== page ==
Wednesday, June 08, 2005
In the wee hours of Saturday morning, I lay in bed wide awake but without moving a muscle for about half an hour, eyes closed, breathing slowly and deeply. Suddenly I felt a cool rushing sensation in my left arm, as if a wave had rolled over it, or more precisely through it. Alarmed, I opened my eyes and looked over at my IV machine—and found that the mefloxin (antibiotic) drip had run its course and that I was now getting straight saline. Holy shit, I thought, I felt the switchover. The rushing sensation no doubt had to do with the rate of the drip—the mefloxin was set to 100 ml/hr, the saline to 175—but the feeling of being “watered” was distinct.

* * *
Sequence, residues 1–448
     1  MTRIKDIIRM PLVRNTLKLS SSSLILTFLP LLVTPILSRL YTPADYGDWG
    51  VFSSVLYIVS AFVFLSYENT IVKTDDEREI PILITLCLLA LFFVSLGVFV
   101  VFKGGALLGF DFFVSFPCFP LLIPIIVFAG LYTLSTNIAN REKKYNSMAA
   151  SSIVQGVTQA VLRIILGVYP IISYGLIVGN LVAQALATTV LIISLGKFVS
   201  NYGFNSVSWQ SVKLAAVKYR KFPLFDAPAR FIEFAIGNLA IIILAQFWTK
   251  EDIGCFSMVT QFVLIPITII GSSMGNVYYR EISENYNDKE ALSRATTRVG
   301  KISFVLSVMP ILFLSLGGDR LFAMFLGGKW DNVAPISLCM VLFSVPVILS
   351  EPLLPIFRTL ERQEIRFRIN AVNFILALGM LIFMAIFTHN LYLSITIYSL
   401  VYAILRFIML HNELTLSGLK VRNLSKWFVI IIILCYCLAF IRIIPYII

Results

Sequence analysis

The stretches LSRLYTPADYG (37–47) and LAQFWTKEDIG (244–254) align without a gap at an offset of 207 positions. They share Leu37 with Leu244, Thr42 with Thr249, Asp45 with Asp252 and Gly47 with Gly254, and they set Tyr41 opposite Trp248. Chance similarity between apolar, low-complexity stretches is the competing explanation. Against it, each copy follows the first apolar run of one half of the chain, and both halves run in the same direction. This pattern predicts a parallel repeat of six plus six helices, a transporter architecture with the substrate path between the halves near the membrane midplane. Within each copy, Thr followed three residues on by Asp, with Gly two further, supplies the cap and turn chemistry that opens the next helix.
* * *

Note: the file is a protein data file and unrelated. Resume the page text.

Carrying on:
Back when I was a debauched undergraduate my friends and I would donate plasma a couple times a week to raise money for bouts of binge drinking and the occasional peanut butter sandwich. From my point of view the only enjoyable thing about laying on a couch watching Pretty Woman for the umpteempth time with a huge needle in my arm was the sensation of having my desiccated blood pumped back into my veins. A coolness would slowly work its way up my arm and into my shoulder. When it finally got to my heart there would be a sudden, sharp all over chill and then it would be over and there'd be nothing except a dull pain in my arm and the hope that Julia Roberts and Richard Gere could somehow make it all work.